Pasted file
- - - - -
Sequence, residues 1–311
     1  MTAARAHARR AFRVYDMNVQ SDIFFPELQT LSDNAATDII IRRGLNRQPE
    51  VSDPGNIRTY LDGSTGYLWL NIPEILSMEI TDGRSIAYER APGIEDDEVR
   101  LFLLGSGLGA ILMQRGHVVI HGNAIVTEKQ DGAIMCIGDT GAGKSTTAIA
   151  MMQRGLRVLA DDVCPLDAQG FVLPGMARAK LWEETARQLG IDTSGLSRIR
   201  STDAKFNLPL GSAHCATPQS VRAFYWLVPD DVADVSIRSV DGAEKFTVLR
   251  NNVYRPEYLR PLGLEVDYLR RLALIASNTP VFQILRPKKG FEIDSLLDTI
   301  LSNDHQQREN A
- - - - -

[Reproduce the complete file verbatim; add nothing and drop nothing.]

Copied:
Sequence, residues 1–311
     1  MTAARAHARR AFRVYDMNVQ SDIFFPELQT LSDNAATDII IRRGLNRQPE
    51  VSDPGNIRTY LDGSTGYLWL NIPEILSMEI TDGRSIAYER APGIEDDEVR
   101  LFLLGSGLGA ILMQRGHVVI HGNAIVTEKQ DGAIMCIGDT GAGKSTTAIA
   151  MMQRGLRVLA DDVCPLDAQG FVLPGMARAK LWEETARQLG IDTSGLSRIR
   201  STDAKFNLPL GSAHCATPQS VRAFYWLVPD DVADVSIRSV DGAEKFTVLR
   251  NNVYRPEYLR PLGLEVDYLR RLALIASNTP VFQILRPKKG FEIDSLLDTI
   301  LSNDHQQREN A